Stuart Conover

Editor, Horror Tree

Hunger Pangs by Cecilia Kennedy 

In the rocking chair, the swell of my sister’s belly rises and falls against the sunset, her growing middle a shadowed hill that sways. She knits while she waits, and I watch her, thinking about how far away such a thing is for me: settling down, getting pregnant, placing a rocking chair near the window.


In the rocking chair, my sister’s legs grow to the size of elephant trunks. I tell her to get up and walk around, which she does, but only sometimes. So I’ve moved in to help her while her husband’s away. She says it’s hard to sleep when the baby kicks, so she sits upright on the couch and watches television until the dark circles under her eyes turn purple.

“Do you ever just get hungry?” she asks.

I don’t know. I’ve never been pregnant, but she’s not craved anything.

“I suppose eventually you’d feel hungry,” I say.

She nods and turns her gaze back to the television. My stomach rumbles at the pizza commercial, but she just taps her belly to see if the baby will kick. She says if the baby kicks, it’s the closest to hunger she’ll get. And I try to tell myself that’s normal, given the circumstances.


The baby comes while my sister’s husband is away, which isn’t surprising. The nurses in the hospital try to give her turkey and mashed potatoes later on, but she doesn’t want any. Most of the time, the baby sleeps in the newborn area while my sister stares at the television in her room. I’m the first one to cuddle my nephew. He smells like vanilla and spring clover.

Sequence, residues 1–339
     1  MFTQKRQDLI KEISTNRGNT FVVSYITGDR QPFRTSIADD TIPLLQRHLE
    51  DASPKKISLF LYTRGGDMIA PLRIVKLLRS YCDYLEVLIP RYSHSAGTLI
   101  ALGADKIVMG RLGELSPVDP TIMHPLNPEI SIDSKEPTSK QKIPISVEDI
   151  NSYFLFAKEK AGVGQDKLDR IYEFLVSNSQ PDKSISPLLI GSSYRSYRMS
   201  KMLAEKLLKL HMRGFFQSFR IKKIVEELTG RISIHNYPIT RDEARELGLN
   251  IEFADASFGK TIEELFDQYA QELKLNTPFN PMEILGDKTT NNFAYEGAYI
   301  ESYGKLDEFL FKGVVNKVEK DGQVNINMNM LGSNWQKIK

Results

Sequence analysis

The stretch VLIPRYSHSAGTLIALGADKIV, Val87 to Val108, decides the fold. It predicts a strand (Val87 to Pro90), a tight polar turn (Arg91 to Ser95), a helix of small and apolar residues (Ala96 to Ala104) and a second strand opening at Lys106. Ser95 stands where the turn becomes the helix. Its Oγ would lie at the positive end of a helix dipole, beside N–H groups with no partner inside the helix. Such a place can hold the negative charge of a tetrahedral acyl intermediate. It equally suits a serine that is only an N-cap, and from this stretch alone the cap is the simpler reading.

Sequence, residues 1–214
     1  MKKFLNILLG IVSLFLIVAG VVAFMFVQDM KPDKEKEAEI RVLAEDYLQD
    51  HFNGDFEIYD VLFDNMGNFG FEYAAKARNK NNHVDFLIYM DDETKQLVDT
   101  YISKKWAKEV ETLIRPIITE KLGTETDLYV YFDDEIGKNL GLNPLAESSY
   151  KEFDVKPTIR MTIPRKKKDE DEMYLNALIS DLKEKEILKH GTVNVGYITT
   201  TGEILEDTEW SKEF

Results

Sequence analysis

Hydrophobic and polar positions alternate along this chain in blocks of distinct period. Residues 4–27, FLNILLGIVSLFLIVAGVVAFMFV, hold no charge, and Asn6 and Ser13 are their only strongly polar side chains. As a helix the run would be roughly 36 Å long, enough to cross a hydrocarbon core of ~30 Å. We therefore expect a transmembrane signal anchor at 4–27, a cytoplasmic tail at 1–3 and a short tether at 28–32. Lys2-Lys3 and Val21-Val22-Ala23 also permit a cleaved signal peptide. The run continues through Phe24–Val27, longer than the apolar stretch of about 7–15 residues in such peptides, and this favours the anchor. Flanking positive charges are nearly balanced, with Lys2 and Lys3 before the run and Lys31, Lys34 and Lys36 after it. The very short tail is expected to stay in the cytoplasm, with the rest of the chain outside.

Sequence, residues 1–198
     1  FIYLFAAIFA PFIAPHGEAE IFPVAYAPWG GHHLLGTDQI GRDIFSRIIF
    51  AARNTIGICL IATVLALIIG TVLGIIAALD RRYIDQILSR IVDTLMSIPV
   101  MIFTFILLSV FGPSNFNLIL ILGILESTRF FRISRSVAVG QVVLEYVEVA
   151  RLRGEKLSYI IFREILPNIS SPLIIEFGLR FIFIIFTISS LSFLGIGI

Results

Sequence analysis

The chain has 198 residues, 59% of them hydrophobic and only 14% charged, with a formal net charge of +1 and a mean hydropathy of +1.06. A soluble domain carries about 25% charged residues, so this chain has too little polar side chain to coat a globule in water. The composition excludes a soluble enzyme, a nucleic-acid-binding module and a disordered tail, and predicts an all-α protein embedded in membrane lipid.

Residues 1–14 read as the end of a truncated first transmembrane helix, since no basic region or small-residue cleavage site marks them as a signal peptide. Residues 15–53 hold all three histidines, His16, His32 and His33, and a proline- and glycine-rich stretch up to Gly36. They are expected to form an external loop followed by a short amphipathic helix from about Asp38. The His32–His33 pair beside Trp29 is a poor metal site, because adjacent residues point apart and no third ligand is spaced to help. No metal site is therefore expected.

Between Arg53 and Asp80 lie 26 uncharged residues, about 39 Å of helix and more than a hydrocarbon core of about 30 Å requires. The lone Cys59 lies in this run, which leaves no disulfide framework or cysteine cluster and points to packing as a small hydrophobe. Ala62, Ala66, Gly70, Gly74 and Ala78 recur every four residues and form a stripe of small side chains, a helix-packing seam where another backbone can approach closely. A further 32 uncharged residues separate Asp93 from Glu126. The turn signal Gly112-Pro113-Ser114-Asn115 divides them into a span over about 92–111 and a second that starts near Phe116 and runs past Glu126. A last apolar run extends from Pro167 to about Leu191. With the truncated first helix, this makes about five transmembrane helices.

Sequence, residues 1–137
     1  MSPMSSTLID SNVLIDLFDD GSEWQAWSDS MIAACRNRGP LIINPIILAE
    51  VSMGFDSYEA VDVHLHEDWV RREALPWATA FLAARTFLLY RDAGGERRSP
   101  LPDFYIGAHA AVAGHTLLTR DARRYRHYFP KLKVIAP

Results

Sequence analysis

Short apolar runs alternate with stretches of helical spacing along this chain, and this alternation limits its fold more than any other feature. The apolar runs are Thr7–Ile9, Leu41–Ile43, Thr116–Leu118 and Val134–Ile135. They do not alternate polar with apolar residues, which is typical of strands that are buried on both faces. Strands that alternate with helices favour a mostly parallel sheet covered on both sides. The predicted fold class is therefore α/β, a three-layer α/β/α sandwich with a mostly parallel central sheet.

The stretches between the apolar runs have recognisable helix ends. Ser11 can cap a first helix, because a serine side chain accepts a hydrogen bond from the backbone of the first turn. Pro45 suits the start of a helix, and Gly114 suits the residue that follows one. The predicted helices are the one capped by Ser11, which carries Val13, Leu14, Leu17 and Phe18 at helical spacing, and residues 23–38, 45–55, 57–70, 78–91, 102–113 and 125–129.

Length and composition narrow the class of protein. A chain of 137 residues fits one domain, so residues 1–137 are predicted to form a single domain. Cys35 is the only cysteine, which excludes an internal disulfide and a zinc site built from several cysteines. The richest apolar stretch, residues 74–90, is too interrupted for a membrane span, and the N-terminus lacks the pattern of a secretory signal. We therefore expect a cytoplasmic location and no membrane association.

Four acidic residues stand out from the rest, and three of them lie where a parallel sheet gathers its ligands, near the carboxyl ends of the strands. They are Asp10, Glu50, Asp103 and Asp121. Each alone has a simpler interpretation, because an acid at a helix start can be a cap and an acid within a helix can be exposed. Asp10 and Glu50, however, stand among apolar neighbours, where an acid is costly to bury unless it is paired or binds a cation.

Playful, cooing sounds echo through the hall late at night, so I get up and check on my sister. She’s finally rocking the baby. She has no idea I’m watching her smile, and finally feeling like I could leave someday, even if her husband never comes back, and she’d be okay. She brings a chubby arm close to her mouth and nibbles on it, delighting in the giggles the baby makes. I shut the door and go back to my room.


Purplish marks spread like tiny petals on the baby’s arms the next day, and if I look closer, in the center, I’d swear I see teeth, but I shake the thought away. Instead, I focus on how healthy the baby looks. And now, I hear my sister singing in the kitchen as she fixes herself breakfast, and I’m grateful the hunger has returned—until I see her spit her eggs out into the sink and drown them with her cup of coffee. 

The baby is stirring now, so she goes into the nursery to rock him, and I follow her. She strokes the baby’s arm until it tickles, and he laughs. Then, she pulls on the baby’s legs with one hand, while brushing strands of her hair back from her face with the other, so I can see her clearly. Her eyes are wide and starving. The playful nibbles become ravenous as the baby cries.